"China does not need the Olympics to engage with the West or build bridges'
Published: 24 Sep 2008 "By hosting the 2008 Olympics, China grabbed the global limelight, for better and for worse," stated Roy Graff, Director of Business Development, Sportsworld.
Referring to the Olympic Games´ legacy, Graff said the cities, which have hosted the event in the past, have shown an overall decline in their visitor arrivals immediately after an Olympic event. Also, it is difficult to measure the extent to which Olympics have impacted or fuelled the growth in arrivals on a long-term basis as the studies haven´t been conclusive. Plus, the increased room capacity leads to fall in occupancy rates following an event.
He added, "Fears of overcrowding and higher prices keep some (visitors) away - as happened in Beijing. The economic impact assessments do not factor cost and income accurately. Associated costs are not transparent. And intangible benefits vary from city to city."
Graff referred to the perception about China before the commencement of the Olympic Games and also what sort of impact the event made on Beijing and the country on the whole.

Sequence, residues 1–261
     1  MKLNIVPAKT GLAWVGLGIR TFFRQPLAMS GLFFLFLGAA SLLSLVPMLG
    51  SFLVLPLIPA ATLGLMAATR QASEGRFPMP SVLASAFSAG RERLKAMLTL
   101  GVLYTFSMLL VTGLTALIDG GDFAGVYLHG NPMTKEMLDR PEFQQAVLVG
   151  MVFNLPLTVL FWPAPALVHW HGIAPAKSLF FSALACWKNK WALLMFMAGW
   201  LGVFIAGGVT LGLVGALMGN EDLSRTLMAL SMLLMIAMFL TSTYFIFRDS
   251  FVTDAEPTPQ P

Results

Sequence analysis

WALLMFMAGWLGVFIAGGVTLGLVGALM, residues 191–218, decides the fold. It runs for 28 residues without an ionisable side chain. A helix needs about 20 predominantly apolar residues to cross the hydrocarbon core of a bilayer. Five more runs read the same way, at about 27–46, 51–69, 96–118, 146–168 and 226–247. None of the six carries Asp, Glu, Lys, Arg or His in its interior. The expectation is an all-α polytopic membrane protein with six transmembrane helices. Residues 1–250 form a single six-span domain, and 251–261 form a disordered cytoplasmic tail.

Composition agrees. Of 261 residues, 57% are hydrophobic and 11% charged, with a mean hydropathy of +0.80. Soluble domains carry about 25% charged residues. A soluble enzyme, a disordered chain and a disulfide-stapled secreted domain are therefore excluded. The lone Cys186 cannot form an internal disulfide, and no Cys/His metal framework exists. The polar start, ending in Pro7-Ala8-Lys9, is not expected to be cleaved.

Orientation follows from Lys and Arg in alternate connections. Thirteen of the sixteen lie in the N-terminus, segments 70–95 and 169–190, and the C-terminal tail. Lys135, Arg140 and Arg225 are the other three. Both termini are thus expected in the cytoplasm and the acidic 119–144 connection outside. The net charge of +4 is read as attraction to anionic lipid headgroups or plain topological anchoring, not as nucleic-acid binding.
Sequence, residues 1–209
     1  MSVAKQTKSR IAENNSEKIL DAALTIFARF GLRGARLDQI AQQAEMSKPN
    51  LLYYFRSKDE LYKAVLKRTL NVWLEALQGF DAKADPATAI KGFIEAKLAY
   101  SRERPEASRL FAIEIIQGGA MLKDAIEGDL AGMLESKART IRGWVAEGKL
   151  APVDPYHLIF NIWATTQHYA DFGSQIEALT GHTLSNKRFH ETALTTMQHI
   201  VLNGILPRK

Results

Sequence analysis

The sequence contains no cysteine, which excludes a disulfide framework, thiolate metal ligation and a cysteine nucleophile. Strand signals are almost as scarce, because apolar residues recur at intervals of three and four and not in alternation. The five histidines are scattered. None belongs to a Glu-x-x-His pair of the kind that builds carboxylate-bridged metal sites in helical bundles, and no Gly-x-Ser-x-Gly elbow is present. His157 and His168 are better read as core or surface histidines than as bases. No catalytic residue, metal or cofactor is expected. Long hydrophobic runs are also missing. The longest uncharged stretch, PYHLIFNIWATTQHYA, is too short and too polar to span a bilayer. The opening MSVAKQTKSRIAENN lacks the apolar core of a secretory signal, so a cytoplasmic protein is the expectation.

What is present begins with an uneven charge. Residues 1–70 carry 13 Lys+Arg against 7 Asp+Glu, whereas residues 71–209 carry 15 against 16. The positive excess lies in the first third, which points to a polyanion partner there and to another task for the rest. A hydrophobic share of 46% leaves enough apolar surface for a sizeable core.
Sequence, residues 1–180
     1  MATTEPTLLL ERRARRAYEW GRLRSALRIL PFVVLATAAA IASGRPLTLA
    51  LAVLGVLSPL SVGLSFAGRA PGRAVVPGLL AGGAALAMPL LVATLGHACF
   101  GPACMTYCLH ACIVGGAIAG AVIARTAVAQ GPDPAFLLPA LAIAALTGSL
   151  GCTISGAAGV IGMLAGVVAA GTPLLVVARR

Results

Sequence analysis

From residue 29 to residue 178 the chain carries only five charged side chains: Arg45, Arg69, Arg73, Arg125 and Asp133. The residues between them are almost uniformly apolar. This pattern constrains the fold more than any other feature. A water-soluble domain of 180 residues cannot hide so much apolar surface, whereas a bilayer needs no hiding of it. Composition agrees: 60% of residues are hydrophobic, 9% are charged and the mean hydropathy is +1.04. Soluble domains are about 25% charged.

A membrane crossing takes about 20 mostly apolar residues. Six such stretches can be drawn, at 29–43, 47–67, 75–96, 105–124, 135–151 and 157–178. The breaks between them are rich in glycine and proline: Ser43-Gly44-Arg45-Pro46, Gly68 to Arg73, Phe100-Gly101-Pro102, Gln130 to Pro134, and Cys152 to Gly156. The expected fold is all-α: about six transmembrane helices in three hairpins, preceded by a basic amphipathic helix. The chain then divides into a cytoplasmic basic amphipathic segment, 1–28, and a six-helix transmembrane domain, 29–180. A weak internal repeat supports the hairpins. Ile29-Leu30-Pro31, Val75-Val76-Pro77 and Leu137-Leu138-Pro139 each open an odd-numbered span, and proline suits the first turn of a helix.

Before the Olympics, he said China was considered to be:
· An extremely important business travel destination
· Powerful and dynamic economy
· Recognising cultural need to conduct business face-to-face
· Poor infrastructure
· Weak service culture
· Restrictive policies on media and information
· Negative news coverage, reluctance to share information
Commenting on the post Olympics effect on China, Graff referred to following:
· Most observers are impressed with China´s record on large scale event management and logistical achievements.
· Respect for the government in ensuring a smooth running and secure event
· Boost to service industry and growing awareness of quality.
· Opportunity for more countries to engage China.
· Nations see it as opportunity to engage with Chinese people.
Specifically on the travel distribution business, he said, "International companies are heading to China, and the Olympics are drawing even more, leading for a growing demand to improved travel service delivery. Competition among the online players will lead to better quality and professionalism. Also, increased costs will follow, and hotels/operators will turn to technology and streamlined processes to reduce distribution and operating costs."
Graff said that the overall decline in China´s travel sector will push the government to relax restrictions and liberalise faster.
In his concluding remarks, Graff pointed out that China does not need the Olympics to engage with the West or build bridges.
"The Olympics are a confirmation of the already integrated economy and global inter-dependence," he said.